Why now is the perfect time to Purge

by Craig Sharpe
Published: Last Updated on

The Purge franchise started out with a simple idea: what if all crime, including murder, was made legal for 12-hours once a year? This deceptively simple “what if” scenario has since spawned three distinctive films, with each title vastly surpassing its own paltry budget. The original Purge was made for $3 million and went on to accrue $89.3 million at the North American box office. Its sequel, The Purge: Anarchy, upped the budget to $11 million, but ended up making $111.9 million. The latest entry in this sadistic series, The Purge: Election Year, has since set the franchise milestone with $118.1 million. Boring stats they may be, but the numbers don’t lie: audiences want more of their favourite twisted alternate reality, and series creator James DeMonaco is going to give it to them.

Reports of a Purge television adaptation has set fans in a frenzy, as DeMonaco teases a quasi-anthological approach to broaden the appeal to a new audience, but why stop there? To this day The Purge remains synonymous with the horror and action genres, but its hyper-reality context hints at more untapped potential. Contemporary topics like race equality, with the recent police shootings in America, questions of social class brought on by Donald Trump’s Presidency campaign, and the diminishing state of the standard family model are all difficult subjects that are ripe for discussion and exploration.


It could be argued that The Purge: Election Year provides an allegory for the consequences of a Trump America, but the film’s overwhelming focus on intense action sequences undermines this notion. A television show – with its longer running time – can extrapolate the important issues noted above without conforming to the popcorn thrills of the big screen. A television show can enlarge the World of The Purge, a world seemingly without limitations or end. A constant renewal of completely fresh characters with their own ideology and motivations towards opposing/supporting The Purge is a rare gift many producers don’t have the luxury of. One episode may revolve around the vindictive nature of the Purgee’s, while others may focus on different age groups and the varying generational divide in a country’s desperate attempt to retain its position in the world. The possibilities are endless.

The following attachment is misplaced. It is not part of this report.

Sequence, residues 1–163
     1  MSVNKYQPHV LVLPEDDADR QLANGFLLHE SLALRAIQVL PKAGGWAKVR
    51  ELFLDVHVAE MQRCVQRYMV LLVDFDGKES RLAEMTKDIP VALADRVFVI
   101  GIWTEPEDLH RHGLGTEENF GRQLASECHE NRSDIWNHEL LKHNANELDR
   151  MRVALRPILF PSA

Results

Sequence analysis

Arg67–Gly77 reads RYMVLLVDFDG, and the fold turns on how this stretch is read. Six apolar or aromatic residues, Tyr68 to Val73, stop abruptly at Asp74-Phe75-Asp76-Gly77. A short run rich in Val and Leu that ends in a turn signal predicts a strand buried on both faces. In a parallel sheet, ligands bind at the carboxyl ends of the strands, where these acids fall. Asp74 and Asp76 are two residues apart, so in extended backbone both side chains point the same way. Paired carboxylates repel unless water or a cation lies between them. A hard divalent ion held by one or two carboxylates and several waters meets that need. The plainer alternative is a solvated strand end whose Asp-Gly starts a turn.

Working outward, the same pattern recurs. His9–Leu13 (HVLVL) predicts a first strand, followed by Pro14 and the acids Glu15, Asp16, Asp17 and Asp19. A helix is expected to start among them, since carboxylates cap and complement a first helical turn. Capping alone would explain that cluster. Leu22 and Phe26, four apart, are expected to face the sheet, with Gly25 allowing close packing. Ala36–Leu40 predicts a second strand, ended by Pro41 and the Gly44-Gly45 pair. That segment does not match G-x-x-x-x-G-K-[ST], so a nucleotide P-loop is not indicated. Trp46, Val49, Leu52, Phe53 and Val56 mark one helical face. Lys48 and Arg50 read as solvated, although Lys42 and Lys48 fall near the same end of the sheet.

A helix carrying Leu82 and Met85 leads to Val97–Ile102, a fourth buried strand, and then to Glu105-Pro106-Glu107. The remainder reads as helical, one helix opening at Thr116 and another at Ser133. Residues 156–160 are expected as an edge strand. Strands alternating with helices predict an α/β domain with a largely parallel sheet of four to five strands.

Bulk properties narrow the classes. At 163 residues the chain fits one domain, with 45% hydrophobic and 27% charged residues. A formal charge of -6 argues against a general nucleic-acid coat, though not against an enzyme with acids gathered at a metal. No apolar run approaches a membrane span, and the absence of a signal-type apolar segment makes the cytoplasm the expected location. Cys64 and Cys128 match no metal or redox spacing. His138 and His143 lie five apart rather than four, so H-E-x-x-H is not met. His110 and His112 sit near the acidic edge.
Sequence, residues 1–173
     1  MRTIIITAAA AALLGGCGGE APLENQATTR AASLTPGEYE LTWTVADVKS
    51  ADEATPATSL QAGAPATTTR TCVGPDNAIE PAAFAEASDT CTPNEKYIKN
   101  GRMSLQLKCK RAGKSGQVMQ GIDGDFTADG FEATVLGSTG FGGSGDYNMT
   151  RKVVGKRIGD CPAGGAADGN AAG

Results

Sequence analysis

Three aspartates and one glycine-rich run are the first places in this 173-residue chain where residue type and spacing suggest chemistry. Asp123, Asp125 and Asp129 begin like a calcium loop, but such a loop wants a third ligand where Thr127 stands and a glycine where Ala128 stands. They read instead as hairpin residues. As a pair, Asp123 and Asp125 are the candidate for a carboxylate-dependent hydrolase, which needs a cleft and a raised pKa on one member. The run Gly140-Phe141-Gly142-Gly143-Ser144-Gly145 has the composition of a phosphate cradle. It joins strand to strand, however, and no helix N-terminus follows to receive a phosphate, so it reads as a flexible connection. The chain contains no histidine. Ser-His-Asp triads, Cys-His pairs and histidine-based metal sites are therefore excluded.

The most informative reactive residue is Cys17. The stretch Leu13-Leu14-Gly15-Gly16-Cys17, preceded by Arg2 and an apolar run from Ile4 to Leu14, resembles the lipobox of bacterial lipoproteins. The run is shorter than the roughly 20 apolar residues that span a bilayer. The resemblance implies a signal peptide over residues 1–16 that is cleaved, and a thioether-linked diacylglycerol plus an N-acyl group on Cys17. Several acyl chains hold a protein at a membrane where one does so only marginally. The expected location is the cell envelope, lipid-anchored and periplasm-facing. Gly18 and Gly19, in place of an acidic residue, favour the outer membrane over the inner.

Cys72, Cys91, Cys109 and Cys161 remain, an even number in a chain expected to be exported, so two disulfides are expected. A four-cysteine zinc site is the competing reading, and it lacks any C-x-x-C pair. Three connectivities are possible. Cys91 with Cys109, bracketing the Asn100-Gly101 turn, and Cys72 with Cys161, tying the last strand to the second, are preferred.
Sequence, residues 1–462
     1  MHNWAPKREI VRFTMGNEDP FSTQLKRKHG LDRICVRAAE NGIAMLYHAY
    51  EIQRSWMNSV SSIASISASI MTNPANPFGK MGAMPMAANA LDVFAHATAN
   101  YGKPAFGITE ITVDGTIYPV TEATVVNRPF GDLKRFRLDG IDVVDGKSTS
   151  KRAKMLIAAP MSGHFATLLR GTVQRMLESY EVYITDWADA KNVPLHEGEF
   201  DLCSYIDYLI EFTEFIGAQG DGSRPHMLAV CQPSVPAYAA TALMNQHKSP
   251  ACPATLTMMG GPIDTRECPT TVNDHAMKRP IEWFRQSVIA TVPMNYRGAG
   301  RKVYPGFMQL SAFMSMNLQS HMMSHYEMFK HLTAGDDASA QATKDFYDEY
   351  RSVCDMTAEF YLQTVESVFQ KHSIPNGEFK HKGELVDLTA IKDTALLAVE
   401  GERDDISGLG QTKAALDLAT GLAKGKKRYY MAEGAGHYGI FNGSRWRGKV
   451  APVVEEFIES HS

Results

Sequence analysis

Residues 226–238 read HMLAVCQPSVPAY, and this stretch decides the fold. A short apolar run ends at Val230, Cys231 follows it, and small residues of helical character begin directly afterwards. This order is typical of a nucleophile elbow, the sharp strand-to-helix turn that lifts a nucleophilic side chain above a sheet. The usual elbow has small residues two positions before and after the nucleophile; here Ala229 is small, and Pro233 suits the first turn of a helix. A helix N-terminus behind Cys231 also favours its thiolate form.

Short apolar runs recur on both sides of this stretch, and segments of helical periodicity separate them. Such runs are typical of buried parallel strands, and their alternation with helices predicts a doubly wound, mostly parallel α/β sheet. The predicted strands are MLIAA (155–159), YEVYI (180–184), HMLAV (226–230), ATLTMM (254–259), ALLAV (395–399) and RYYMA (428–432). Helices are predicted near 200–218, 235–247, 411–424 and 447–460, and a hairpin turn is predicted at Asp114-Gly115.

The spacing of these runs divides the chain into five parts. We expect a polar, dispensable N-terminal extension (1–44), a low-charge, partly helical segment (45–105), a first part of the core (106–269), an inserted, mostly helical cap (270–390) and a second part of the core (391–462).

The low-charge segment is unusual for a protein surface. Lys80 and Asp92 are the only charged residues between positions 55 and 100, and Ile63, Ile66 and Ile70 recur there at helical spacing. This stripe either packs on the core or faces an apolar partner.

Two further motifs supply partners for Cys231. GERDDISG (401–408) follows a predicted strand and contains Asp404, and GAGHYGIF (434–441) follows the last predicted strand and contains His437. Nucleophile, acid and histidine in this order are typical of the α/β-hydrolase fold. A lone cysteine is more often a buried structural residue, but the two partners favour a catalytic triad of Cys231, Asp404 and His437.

The Purge franchise needn’t limit itself to television in order to tell its story; other formats like videogames, radio, and books can accommodate for the series’ multiple subjects. The film’s exponential growth since 2013 is certainly impressive, but it’s still a relatively young and fresh series. The opportunity to spread across different formats adds a significant layer of diversification to its repertoire, whilst also acting as a great way to encourage original fans of the franchise to seek out the different books/radio plays/videogames if they want to continue their favourite stories.


The franchise might want to take notes from the Marvel Universe and its approach towards multi-format and intertwining storylines. Marvel’s brand recognition has sky-rocketed since The Avengers movie combined Earth’s mightiest heroes, and while The Purge certainly doesn’t thrive on the same level of heroism you might expect in a Captain America film, it can still capitalise on the same serialised character journeys that the protagonist, Leo Barnes (Frank Grillo), experienced. These different formats can combine to create a compelling journey for the prey/predators of the dreaded Purge.

Imagine a videogame whereby the player is given the choice to survive the Purge, or actively participate in it. The Purge is the very epitome of difficult decision-making, and it complies with the growing trend of videogames that empower the player with their own unique choices, each with their own set of consequences. Imagine a book that tackles the delicate subject of the formation of the Purge night and its historical context. Imagine a radio play that sets out to portray the cold first-person perspective of a supporter of the Purge; all perspectives the films have failed to effectively recognise.

These are just a couple of ideas milked from grand premise of the Purge property. With so many economical issues plaguing society everyday, maybe one day The Purge can provide a compelling social commentary free from the reigns of horror and action conventions. Rest assured, the television series will be a key indicator as to where the franchise wants to go next.


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